Ashley Saulcy is a 2017 MAIR graduate of the Maxwell School. In the summer of 2017 she interned at the Asia Foundation in Nepal. She decided to extend that opportunity into the fall and continue her work on political transition in the country.
For those of you who follow graduate student adventures in The Stacks regularly, you may recognize my name from a former blog post regarding my time interning in Kathmandu, Nepal. My adventures in the Himalayas began back in May 2017, and were happily (if somewhat unexpectedly) extended through the Fall 2017 semester. As I write the second post documenting my experiences in Nepal, I am struck by the immense political transformations that have taken place in such a short period of time.
Nepal is currently undergoing a political transition to a federal system that is intended to redistribute power to local governments. Although the country has successfully held three rounds of local elections, it has begun to witness sparks of violence in the approach to provincial and federal elections. New large-scale political alliances have further demonstrated the high stakes for the country’s political parties.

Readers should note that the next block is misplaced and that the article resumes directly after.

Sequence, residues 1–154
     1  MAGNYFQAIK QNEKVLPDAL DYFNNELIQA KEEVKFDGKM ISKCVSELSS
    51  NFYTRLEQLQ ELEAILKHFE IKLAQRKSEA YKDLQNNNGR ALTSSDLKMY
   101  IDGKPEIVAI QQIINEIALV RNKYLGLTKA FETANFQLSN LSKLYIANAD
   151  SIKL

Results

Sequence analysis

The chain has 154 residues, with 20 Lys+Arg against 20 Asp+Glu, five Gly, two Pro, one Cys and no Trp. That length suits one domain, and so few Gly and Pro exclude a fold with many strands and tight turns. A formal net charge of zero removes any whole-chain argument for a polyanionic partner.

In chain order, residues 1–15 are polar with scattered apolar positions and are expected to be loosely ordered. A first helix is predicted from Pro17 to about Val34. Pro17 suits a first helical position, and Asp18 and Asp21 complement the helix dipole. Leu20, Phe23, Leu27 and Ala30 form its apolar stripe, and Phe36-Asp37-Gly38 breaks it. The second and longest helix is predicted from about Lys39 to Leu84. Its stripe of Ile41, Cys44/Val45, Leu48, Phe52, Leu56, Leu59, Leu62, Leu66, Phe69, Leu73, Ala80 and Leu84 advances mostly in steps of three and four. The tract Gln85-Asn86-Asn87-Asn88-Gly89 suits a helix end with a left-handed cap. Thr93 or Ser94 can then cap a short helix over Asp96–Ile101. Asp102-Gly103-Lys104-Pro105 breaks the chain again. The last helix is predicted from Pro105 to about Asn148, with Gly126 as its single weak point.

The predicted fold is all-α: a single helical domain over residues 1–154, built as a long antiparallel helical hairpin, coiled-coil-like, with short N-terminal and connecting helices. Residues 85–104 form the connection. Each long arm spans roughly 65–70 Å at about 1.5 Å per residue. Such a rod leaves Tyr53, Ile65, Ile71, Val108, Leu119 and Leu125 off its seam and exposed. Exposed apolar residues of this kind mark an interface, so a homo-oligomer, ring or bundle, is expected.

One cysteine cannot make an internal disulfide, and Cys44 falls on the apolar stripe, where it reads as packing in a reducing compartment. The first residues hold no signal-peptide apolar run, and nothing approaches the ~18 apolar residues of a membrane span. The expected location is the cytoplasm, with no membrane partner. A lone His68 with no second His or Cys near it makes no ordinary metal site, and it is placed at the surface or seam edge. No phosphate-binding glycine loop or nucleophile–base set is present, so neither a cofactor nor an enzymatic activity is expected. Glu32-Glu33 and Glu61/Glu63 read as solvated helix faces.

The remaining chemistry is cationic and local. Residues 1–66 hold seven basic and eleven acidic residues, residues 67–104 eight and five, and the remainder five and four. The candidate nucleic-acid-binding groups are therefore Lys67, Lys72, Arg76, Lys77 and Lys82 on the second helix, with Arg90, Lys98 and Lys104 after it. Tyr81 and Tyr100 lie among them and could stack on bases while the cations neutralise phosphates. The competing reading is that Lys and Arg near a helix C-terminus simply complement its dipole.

The complexity of Nepal’s political, social, and cultural landscapes made the opportunity to delve deeper into the political transition extremely rewarding. As a program intern to The Asia Foundation, I observed the transition through a program funded by the Australian Government to support newly established subnational governments. My extended tenure allowed me to further engage gender equality and social inclusion initiatives within programmatic strategies; work as a primary editor to the program’s inception report; and contribute to the development of a monitoring, evaluation, and learning framework. While my initial months provided an excellent introduction to these spaces, engaging them in greater depth enriched my understanding and appreciation of the turbulence that follows long-term development initiatives.
At the completion of my internship, I walk away knowing that I will see Nepal again. This beautiful country has left its mark, thanks to the friendship of many Nepalis, the lights of the Tihar festival, piles of delicious momos, and days spent trekking in the Himalayas. It may be a cheesy sentiment, but as I contemplate my time in Kathmandu, I am reminded that it is not just us as Maxwell students who leave our mark on the cities we work in; these cities also make us as individuals greater, better, and more beautiful.